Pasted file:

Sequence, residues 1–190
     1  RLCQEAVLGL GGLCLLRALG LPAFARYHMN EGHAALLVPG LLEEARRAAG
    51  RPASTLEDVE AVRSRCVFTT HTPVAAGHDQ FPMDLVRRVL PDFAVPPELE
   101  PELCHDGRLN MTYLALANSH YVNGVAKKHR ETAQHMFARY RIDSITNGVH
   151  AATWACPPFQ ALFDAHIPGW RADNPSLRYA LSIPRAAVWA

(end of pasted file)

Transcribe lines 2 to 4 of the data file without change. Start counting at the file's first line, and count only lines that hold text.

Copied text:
     1  RLCQEAVLGL GGLCLLRALG LPAFARYHMN EGHAALLVPG LLEEARRAAG
    51  RPASTLEDVE AVRSRCVFTT HTPVAAGHDQ FPMDLVRRVL PDFAVPPELE
   101  PELCHDGRLN MTYLALANSH YVNGVAKKHR ETAQHMFARY RIDSITNGVH